RivkaT (rivkat) wrote,

Music and fiction

OK, I found a group of musical creators that call themselves “Hidden Citizens,” and literally every song is bombastic trailer music and I am so here for it. There’s an album of bombastic covers of both bombastic and non-bombastic originals which are largely unnecessary, but the originals are all clearly written to be trailers for movies insisting that they are EPIC. Or maybe for video games. Here’s one with Ruelle and another with Jung Youth (actually is a trailer song) and another with the most banal lyrics yet, their is-that-allness a laugh-inducing contrast to the end-of-the-world seriousness of the music. I am in awe.

E.K. Johnston, The Afterward:A little misleadingly titled, because there are flashbacks to the quest to save the world, but most of it is indeed set afterward, when the thief Olsa and the apprentice knight Kalanthe are doing their best to return to normal life after having experienced miracles and horrors. Since Olsa is a thief, and now really well known, it’s not going so well for her, and Kalanthe needs to marry to pay off her debt for her knight training but she only wants to be with Olsa so it’s not going so well for her either. If you want fantasy where sexuality is considered a purely personal matter by everyone—as long as the nobility produce heirs of the body—it’s fine, but quest fantasy isn’t my favorite and apparently aftermath isn’t either.
Adrian Tchaikovsk/y, Walking to Aldeberan: Space horror novella. When humanity finds an alien artifact beyond Pluto, the expedition to explore it goes very badly indeed; a surviving astronaut is deeply altered both physically and mentally. Appropriately creepy and much more horror-focused than Pohl’s Gateway to which it has some bare bones plot similarities.
Yoon Ha Lee, Hexarchate Stories: Mostly short stories about Jedao and Cheris’s younger lives, but a final longer story about their unwilling reunion which was very satisfying (and Jedao’s not quite human nature is more fully elaborated in fairly yucky ways).
T. Kingfisher, Swordheart: Halla is a widow about to be forced to marry her repellent cousin by marriage; she’s constantly asking questions that work as a matter of self-defense in a variety of situations, but not this one. Sarkis is a guy in a sword, enchanted to serve whoever owns the sword. Turns out, this time it’s Halla! Shenanigans ensue, with some banter, some slaughter, and a lot of journeying back and forth. Also, Halla and Sarkis fall in love. It’s cute.

T. Kingfisher, Jackalope Wives: Short stories with a mythical, often Southwestern, flair. Lots of cranky old women and treacherous gods.

Nana Kwame Adjei-Brenyah, Friday Black: Short stories of the if-this-goes-on variety. The first involves a young black man who flirts with joining a new movement, the Namers, who dress in formal outfits while committing violence against whites and chanting the names of black children who’d been murdered with impunity. Others involve working retail in a world in which Black Friday creates zombie-like behavior and routinely leaves multiple people dead per store. The last story, and the one I liked best, featured a protagonist who’d been trapped in a time loop right before nuclear devastation; in possibly millions of loops, she’d turned herself into a monster and then tried for redemption, with unclear results.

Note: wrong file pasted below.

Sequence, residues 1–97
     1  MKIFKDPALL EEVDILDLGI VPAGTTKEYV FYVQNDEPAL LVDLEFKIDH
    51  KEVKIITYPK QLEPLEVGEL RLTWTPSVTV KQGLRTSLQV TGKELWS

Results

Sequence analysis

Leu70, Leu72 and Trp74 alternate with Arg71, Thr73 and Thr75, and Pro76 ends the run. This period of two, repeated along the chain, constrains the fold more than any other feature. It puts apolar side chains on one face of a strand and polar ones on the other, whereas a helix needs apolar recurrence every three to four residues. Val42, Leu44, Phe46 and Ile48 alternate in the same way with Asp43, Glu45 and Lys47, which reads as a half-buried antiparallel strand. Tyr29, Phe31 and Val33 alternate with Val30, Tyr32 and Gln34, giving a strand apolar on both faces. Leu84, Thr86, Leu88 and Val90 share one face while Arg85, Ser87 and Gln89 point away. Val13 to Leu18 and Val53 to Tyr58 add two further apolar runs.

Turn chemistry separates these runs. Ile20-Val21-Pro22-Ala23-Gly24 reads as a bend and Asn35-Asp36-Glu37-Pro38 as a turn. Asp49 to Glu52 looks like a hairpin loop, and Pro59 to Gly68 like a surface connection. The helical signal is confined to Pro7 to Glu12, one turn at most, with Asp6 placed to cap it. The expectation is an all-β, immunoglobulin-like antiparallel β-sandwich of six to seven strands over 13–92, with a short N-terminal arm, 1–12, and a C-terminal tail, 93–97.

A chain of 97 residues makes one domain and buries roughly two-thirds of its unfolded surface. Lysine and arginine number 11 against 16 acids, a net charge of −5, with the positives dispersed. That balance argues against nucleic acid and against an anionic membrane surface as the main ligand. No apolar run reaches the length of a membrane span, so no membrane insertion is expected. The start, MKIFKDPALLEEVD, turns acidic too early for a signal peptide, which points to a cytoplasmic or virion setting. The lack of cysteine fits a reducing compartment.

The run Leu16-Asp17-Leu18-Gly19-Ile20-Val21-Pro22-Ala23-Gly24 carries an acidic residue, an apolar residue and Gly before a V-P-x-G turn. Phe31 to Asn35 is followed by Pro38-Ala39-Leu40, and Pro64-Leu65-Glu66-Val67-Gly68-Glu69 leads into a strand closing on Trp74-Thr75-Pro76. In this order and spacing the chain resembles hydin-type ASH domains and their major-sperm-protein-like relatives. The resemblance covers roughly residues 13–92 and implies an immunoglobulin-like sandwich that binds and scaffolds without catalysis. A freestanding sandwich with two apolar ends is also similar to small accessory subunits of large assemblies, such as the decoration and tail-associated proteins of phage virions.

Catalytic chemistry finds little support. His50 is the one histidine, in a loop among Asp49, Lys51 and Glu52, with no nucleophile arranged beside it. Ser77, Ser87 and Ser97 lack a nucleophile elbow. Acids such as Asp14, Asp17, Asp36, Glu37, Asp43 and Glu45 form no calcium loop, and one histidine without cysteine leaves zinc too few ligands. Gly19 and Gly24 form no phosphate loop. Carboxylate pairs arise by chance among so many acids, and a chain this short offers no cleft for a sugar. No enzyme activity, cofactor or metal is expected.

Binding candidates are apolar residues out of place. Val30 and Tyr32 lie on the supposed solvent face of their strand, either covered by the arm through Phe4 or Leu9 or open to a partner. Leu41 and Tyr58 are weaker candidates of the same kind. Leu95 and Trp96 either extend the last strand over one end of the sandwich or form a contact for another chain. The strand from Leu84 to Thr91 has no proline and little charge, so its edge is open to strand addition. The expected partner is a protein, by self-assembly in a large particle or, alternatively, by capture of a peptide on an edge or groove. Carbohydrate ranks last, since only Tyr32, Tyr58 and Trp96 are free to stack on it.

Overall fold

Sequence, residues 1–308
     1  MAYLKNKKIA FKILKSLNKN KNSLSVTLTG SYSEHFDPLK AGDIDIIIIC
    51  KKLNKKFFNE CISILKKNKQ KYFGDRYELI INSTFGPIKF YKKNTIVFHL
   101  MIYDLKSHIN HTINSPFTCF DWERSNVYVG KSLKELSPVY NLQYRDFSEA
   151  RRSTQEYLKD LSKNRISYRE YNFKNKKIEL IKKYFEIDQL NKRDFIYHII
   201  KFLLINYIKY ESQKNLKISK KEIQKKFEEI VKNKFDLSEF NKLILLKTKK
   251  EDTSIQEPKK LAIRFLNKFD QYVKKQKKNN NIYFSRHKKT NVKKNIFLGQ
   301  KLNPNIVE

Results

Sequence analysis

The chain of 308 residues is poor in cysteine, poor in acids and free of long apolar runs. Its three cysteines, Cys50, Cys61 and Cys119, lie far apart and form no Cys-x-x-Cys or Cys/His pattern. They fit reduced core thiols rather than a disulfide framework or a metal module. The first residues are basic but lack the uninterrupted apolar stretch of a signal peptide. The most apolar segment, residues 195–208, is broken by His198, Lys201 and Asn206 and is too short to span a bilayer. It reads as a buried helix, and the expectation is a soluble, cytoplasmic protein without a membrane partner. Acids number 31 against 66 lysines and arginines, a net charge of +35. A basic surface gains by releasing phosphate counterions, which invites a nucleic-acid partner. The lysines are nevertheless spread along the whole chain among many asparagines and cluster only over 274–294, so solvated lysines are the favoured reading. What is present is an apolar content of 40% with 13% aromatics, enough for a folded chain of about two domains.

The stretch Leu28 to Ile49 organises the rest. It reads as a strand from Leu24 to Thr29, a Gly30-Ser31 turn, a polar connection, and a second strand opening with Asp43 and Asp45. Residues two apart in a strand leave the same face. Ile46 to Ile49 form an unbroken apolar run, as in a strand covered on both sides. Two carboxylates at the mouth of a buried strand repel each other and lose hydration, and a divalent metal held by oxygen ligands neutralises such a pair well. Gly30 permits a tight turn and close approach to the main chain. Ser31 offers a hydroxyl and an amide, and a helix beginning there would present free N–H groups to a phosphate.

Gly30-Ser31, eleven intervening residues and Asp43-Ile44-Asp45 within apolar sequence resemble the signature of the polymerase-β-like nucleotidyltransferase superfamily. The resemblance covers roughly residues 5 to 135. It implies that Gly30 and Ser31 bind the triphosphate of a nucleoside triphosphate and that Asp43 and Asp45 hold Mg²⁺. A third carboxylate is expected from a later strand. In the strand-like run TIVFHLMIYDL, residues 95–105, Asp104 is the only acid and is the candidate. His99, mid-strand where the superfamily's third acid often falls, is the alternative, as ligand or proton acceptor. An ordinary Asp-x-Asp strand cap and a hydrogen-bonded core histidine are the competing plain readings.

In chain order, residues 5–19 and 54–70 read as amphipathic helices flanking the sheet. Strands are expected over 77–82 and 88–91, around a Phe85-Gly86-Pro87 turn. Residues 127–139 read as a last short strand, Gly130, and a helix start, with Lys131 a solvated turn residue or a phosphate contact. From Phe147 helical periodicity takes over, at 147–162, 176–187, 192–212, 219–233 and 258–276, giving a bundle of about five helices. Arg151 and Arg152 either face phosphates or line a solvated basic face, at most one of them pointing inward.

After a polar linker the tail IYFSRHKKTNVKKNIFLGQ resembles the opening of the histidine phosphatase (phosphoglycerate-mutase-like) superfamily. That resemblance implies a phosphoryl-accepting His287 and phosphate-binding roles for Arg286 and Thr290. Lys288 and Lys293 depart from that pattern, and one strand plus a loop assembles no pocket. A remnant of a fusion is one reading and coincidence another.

Harry Connolly, A Key, an Egg, an Unfortunate Remark: A sprightly aunt uses magic to try to limit the bad effects of other magical beings like vampires on her city. She’s assisted by a nephew who’s a traumatized war vet, and hampered by the murder of another nephew. I don’t like characters who deliberately don’t explain stuff, even when it’s lampshaded, and so this wasn’t for me.

Sarah J. Maas, Kingdom of Ash: Doorstop ending to the Throne of Glass series. A series of last battles, thrilling escapes, brutal victories, and heterosexual couplings. She finished as she began, with lots of power and fights and references to “males,” which never failed to make me flinch—I mean, just call them Fae if you can’t say “people” or “men,” ok? Still, it kept me reading, and King Dorian and Manon Blackbeak in particular did good work.
R.F. Kuang, The Dragon RepublicRin is back, and still making poor choices (from a very limited choice set) about who to trust in her quest to kill the Empress. Given the horrors of the last book, it’s not surprising that more death and coercion follow, but the greater threat of the Hesperians (English/European analogues) emerges as they want to study Rin so they can destroy the gods, which they consider agents of chaos compared to their superior monotheism. I kept thinking of N.K. Jemisin’s The Fifth Season, because it is also about how abuse does not ennoble and how existing structures can make it all but impossible for someone who has power to use it well.
Zen Cho, The True QueenSakti and Muna are sisters who awake on a beach with no memories from before. The sorceress of Janda Baik tries to help them, but ends up sending them to England—only Sakti is swept away into Fairy on the journey. As Muna, who lacks magic, tries to make her way with the Sorceress to the Crown, she begins to learn that her connections to Fairy are far deeper than she suspected—as are her connections to the beautiful Henrietta, one of the Sorceress’s companions. Regency-ish fantasy with dragons who have impeccably British nicknames.

comment count unavailable comments on DW | reply there. I have invites or you can use OpenID.

Tags: au: adjei-brenyah, au: cho, au: connolly, au: johnston, au: kingfisher, au: kuang, au: lee, au: maas, au: tchaikovsky, fiction, music, reviews
  • Post a new comment


    Anonymous comments are disabled in this journal

    default userpic

    Your reply will be screened

  • 1 comment